Emily O. Goldman

The term “revolution in warfare” refers to a pronounced change or discontinuity in warfare that radically alters the way a military operates and improves relative military effectiveness. Revolutions in warfare emerged as a subject of considerable debate in the 1990s in the wake of the United States’s resounding victory over Iraqi military forces in the Persian Gulf War. These debates highlight three different concepts: military revolution, military-technical revolution, and revolution in military affairs. During this period, the idea of an “information technology” revolution in military affairs became deeply embedded in American defense planning and evolved into a call for “transformation,” or more precisely transformational innovation. Two lines of critique have been leveled against the revolution in warfare concept and the revolutionaries themselves. The first, advanced by Stephen Biddle, claims that an RMA is not currently under way. Rather, what we are witnessing is the continuation of a century-long increase in the importance of skill in managing complexity. The second insists that the RMA as a policy direction is a risky path for the United States to pursue because it will undermine the country’s power and influence. There are also two schools of thought that explain the causes of revolutions in warfare: the “economic determinist” school and the “contingent innovation” school. A number of questions remain unanswered that need further consideration in research, such as whether the United States and its allies should continue to prepare for a “long war” against violent extremists, or whether transformation is dead.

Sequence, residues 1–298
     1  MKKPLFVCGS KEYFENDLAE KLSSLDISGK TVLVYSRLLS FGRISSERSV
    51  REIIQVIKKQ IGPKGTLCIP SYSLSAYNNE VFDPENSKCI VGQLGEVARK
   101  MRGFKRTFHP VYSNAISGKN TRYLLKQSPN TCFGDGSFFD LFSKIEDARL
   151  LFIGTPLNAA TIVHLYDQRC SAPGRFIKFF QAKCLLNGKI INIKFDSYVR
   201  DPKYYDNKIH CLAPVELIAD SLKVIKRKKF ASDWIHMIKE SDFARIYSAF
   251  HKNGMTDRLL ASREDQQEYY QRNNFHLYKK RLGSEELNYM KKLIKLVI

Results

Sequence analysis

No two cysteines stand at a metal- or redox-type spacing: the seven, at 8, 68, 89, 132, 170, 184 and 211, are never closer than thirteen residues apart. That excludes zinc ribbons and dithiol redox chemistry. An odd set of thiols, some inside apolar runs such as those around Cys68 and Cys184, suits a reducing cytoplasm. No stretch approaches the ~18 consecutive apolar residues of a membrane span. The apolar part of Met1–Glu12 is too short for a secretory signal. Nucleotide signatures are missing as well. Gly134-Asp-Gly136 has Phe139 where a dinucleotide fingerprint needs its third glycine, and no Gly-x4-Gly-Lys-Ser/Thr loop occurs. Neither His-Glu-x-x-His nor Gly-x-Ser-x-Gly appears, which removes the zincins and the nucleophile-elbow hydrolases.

The Right to Development  

Daniel J. Whelan